OPINION: With the Black Caps battling away in the background, Super Rugby blasted on to the local stage on Friday night with a cracking game between the Chiefs and the Highlanders.
The five-month slog has commenced and the standard required has been laid down in no uncertain terms.
In New Zealand it was skilful, in South Africa it was brutal and in Australia it was awful. Long may it continue in the same vein.
Things slowed down alarmingly on Saturday evening with the Hurricanes demonstrating just how unnerving it can be if you are actually the favourite to win a game, allowing a Blues team full of powerful individuals to gather their confidence and bring smiles to the most publicised franchise of 2013.
The big question is whether this highly acclaimed leadership group of John Kirwan, Graham Henry, Mick Byrne and Kirwan's mate, Grant Doorey, along with captain Ali Williams, can mould this explosive group of individuals into a hard-nosed team that can win the tough games?
All the hype and verbal emanating from the far north is positive and well thought out. The big test now will be whether the words become actions.
Kirwan and Doorey haven't been winners in their coaching careers but Henry and Byrne know success, so it will be worth following. Already proving they are smarter than any other coaching group are Dave Rennie, Wayne Smith and Tom Coventry at the Chiefs.
Under plenty of pressure heading south to play inside the high- pressure cooker in Dunedin, they were too skilful for a Highlanders team that many expected more from. The confidence displayed by the Chiefs and the execution of many aspects of the game, showed that the other franchises will have some catching up to do.
Jamie Joseph now has to demonstrate that he is more than just a great motivator and produce a game that can threaten and win against the big boys.
Assistants Scott McLeod and Jon Preston have both been All Blacks and talk intelligently about the game but we all know there is far more to coaching than a pleasant bedside manner.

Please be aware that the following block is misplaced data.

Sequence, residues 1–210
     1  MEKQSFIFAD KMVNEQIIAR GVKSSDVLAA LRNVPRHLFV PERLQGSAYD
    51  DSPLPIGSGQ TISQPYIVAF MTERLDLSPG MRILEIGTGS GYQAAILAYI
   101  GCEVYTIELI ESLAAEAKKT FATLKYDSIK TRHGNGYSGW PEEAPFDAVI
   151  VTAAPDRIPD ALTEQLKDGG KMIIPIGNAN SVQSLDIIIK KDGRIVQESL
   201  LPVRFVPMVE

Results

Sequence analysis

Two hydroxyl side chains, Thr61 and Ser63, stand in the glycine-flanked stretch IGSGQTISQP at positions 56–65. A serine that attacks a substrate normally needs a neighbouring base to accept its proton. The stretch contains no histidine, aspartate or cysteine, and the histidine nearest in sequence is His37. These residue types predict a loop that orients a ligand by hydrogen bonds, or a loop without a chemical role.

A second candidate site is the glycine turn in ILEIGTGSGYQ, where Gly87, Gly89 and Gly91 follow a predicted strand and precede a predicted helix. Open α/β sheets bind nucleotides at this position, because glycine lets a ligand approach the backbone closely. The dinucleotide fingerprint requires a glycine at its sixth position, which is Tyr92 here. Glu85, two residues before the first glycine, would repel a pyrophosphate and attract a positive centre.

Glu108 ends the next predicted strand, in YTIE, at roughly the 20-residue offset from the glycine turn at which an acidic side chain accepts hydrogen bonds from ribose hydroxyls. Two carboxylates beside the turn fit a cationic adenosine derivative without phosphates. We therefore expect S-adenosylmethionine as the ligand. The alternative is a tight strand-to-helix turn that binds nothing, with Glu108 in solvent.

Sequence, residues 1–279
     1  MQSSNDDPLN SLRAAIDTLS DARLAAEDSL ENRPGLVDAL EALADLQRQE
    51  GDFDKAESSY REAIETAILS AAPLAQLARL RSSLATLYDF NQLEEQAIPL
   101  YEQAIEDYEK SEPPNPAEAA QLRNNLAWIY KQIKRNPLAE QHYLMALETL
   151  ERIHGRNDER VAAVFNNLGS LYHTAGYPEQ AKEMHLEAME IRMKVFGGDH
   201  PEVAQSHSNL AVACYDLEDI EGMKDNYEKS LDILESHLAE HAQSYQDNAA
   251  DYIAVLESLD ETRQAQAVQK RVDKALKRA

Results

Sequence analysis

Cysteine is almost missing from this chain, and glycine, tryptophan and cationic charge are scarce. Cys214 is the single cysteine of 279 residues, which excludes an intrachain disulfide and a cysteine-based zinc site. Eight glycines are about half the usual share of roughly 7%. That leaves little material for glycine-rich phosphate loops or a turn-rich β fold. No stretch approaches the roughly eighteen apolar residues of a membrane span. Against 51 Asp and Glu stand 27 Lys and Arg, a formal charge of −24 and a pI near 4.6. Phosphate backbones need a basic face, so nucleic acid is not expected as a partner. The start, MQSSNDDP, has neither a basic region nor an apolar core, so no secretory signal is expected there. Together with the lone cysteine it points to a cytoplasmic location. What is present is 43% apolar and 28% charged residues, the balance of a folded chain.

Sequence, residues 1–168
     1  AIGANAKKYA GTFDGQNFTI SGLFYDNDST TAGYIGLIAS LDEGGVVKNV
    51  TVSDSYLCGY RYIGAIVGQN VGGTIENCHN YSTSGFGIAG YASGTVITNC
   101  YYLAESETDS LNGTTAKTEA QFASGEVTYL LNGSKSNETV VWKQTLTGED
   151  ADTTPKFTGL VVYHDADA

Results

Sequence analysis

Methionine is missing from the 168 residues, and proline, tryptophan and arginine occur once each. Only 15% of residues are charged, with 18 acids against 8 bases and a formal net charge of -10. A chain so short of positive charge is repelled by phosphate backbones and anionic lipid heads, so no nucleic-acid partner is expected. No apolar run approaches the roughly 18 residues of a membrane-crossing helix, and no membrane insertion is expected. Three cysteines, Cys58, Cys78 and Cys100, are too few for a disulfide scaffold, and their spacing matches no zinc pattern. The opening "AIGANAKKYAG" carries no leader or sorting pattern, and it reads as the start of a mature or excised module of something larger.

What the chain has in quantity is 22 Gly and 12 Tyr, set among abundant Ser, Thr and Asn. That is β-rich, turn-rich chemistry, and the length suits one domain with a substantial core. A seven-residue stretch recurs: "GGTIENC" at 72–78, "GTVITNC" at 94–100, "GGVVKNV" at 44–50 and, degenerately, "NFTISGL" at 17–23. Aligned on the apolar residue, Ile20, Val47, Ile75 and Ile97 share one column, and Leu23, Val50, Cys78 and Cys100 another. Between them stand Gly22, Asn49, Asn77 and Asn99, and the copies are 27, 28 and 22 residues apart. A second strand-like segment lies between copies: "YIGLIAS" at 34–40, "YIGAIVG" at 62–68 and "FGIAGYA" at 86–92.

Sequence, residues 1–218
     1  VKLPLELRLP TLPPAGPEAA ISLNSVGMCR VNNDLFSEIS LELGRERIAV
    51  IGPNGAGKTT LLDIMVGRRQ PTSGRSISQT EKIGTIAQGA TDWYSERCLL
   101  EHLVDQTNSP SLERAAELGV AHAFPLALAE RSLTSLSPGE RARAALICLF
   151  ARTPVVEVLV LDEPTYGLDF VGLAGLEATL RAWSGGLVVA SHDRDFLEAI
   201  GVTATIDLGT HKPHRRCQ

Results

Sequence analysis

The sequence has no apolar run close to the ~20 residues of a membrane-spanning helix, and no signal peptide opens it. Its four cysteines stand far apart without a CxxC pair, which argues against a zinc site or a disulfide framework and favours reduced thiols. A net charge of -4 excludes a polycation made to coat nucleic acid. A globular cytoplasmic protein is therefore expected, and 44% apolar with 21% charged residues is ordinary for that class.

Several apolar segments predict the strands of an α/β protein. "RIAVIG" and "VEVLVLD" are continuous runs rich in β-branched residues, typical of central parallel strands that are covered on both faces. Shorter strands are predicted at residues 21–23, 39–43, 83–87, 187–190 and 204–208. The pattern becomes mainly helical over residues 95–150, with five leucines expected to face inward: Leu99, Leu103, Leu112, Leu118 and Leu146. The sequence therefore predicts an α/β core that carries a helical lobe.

For them, this is a huge opportunity, although one suspects there is still plenty to learn. The real leadership at the Highlanders will need to come from within, with Andrew Hore joined by All Blacks team-mates Brad Thorne, Tony Woodcock and Ma'a Nonu.
What these guys produce will be the telling factor, especially with so many youngsters showing out in week one and as each year gets tougher rather than easier. Will these leaders keep up with the pace?
Last season Mark Hammett and Conrad Smith easily won over the Hurricanes squad members and an angry public with a number of positive performances.
Success this season will be based around whether or not the results are better than 2012 and the way things started there will be plenty of nervous management in the franchise.
Assisting Hammett are Alama Ieremia and Richard Watt, two local lads who have been on board for a few seasons.
For them it will take every trick they know to get this group into the playoffs.
The first performance suggests that this will be a hugely difficult task.
The Crusaders haven't kicked off yet, but Todd Blackadder is talking it up. He has made changes in the coaching panel, Dan Carter has lost the vice- captaincy and the fans are apparently going to see sweeping changes in their playing style. It has taken four seasons but it sounds as though he is now doing things his way.
Tabai Matson, Aaron Mauger and Dave Hewitt are the assistants, all good Crusaders men in their time.
If nothing else this will be interesting season tracking the leadership styles and success, or lack of it, with the Chiefs already looking like New Zealand's best. We'll find out in August!
Ian Snook has coached professionally for the past 25 years in New Zealand, South Africa, Australia, England, Ireland, Japan and Italy.
- Taranaki Daily News
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